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Whisky growth revives fortunes of old distillery

Category: Scotland Finance News — Paul Morgan on June 10, 2012

A whisky distillery, mothballed for over 20 years, has seen a significant return to profit for the first time since reopening in 2008.

The Glenglassaugh Distillery has seen its fortunes turnaround thanks to the boom in Scottish whisky sales from overseas.

Based near Portsoy in Aberdeenshire, the distillery was originally opened in 1875, where business thrived for over one hundred years.

Having been shut down in 1986 though, it was not until new private investor ownership three years ago came in, that it was reopened.

With an annual turnover of £1million, the new group saw 2011 profits of £100,000.

This is significantly ahead of schedule. Speaking about the news, the distillery’s managing director, Stuart Nickerson, said:

“It had been expected that it would take at least seven years and possibly as much as 10 years for Glenglassaugh to turn a profit.”

There could be even better news ahead.

The profits generated could be set to soar over coming years, as business up until now has solely centred on selling existing stock that came with the purchase. In recent weeks though, Glenglassaugh has launched its first new single malt since it reopened.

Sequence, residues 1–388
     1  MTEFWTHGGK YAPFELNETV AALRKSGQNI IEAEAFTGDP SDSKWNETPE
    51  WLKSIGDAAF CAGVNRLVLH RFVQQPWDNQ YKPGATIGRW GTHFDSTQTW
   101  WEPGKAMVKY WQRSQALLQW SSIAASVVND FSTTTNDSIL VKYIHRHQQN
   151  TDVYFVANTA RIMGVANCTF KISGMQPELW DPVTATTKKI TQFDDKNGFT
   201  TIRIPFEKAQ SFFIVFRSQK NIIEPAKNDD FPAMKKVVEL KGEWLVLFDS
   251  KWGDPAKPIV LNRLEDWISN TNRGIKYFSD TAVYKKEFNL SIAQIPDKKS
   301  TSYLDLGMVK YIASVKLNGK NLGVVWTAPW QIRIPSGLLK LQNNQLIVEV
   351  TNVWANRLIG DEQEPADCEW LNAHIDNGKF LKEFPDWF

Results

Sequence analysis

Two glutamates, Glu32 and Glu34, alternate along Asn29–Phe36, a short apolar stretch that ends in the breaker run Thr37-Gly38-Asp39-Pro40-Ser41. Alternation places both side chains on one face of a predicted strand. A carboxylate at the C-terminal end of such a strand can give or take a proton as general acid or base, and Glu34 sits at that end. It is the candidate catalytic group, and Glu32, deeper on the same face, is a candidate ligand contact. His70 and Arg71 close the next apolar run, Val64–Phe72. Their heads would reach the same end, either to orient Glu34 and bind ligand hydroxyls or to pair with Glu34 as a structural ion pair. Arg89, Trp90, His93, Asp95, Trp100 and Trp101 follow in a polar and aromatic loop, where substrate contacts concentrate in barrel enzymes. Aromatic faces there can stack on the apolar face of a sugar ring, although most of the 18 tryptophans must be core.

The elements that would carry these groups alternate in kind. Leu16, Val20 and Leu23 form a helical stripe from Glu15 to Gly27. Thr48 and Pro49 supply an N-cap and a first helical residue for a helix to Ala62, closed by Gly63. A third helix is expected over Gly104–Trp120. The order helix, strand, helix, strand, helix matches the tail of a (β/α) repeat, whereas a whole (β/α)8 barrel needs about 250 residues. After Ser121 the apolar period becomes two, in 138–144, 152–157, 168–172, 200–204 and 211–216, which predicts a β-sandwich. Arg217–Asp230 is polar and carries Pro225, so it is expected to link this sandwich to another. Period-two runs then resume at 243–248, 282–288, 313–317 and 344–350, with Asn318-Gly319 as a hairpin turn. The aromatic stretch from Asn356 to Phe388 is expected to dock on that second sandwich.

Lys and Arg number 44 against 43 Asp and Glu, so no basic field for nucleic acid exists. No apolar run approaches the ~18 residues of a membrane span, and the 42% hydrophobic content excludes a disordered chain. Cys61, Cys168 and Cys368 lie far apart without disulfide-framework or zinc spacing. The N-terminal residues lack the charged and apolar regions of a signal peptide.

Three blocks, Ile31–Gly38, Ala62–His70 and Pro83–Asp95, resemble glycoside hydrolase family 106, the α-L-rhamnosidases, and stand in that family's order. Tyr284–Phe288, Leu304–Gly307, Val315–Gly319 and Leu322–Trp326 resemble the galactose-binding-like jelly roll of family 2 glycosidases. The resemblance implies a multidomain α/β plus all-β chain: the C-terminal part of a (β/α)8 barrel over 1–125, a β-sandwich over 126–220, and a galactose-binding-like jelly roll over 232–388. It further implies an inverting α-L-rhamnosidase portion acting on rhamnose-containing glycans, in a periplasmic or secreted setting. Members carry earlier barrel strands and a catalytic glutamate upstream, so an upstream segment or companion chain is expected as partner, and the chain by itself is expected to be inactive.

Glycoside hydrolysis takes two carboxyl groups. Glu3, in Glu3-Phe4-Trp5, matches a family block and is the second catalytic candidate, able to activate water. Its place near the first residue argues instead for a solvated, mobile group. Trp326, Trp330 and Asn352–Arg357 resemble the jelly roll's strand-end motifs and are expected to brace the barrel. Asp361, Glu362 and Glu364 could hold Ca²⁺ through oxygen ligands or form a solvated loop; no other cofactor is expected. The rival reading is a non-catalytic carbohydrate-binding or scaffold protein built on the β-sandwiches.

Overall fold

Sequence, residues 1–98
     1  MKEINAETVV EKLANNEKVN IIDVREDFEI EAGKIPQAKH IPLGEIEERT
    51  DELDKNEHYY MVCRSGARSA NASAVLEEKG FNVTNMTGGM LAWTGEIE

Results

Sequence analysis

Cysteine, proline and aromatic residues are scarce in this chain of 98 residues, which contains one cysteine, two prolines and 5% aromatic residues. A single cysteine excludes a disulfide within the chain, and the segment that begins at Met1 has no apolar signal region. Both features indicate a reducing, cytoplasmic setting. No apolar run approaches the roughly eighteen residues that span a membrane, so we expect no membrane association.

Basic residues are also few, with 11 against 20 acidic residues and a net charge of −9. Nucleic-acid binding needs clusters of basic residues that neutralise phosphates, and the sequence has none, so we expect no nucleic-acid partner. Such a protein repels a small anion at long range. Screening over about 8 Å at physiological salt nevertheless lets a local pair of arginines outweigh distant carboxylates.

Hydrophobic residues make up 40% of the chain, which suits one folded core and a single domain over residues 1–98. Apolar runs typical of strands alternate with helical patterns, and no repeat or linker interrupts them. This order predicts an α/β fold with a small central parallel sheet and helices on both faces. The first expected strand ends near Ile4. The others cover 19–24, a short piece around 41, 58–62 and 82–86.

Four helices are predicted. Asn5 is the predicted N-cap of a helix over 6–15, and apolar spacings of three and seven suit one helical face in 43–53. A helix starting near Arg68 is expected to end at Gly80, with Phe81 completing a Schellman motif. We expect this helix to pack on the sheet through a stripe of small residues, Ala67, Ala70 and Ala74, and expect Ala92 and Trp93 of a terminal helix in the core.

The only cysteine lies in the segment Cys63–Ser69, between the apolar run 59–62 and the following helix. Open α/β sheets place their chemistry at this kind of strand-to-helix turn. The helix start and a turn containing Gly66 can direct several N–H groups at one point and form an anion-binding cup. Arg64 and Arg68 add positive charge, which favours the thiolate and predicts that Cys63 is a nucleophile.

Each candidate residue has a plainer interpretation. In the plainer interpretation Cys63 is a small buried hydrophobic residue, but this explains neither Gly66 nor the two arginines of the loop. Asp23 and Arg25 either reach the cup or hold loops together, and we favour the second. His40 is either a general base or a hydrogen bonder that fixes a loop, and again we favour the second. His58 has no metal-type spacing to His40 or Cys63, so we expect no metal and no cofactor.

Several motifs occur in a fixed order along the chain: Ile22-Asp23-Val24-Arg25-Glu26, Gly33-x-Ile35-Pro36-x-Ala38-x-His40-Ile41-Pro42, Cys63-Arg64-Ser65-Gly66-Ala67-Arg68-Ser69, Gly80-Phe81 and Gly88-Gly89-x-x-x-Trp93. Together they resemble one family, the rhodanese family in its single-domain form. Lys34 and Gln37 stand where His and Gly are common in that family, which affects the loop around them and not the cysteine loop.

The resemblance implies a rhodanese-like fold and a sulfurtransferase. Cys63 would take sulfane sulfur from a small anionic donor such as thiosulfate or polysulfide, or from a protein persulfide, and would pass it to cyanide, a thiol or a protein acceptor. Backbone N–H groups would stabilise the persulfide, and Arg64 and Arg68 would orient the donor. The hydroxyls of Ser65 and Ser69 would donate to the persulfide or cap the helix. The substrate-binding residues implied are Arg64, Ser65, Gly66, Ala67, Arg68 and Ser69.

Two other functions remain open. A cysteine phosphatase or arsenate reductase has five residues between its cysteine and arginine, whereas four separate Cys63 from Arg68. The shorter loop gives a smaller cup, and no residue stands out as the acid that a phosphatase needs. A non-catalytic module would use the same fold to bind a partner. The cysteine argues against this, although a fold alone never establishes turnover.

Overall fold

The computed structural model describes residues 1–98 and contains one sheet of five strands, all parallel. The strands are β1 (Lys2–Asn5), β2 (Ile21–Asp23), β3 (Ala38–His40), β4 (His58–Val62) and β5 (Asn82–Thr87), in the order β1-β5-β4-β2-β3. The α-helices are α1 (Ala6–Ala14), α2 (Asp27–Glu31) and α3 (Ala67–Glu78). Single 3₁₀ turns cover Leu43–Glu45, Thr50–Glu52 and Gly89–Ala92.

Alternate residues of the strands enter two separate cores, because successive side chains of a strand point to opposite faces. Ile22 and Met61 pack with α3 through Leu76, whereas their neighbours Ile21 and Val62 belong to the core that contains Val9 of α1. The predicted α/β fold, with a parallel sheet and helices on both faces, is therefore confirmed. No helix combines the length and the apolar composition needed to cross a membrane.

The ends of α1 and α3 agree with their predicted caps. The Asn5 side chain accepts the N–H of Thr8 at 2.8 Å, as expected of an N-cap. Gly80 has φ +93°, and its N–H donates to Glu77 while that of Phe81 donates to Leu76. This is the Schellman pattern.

Aptly enough, it has been called Revival.

Many other distilleries are experiencing their own revival thanks to the increased popularity from abroad. Private investment and other alternative forms of commercial finance in Scotland are helping opportunities be taken.

With much of the interest coming from developing economies, notably China, overseas growth could be on an upward curve for the industry for quite some time.

'Disclaimer: The information contained in these articles is of a general nature and no assurance of accuracy can be given. It is not a substitute for specific professional advice in your own circumstances. No action should be taken without consulting the detailed legislation or seeking professional advice. Therefore no responsibility for loss occasioned by any person acting or refraining from action as a consequence of the material can be accepted by the authors or the firm.

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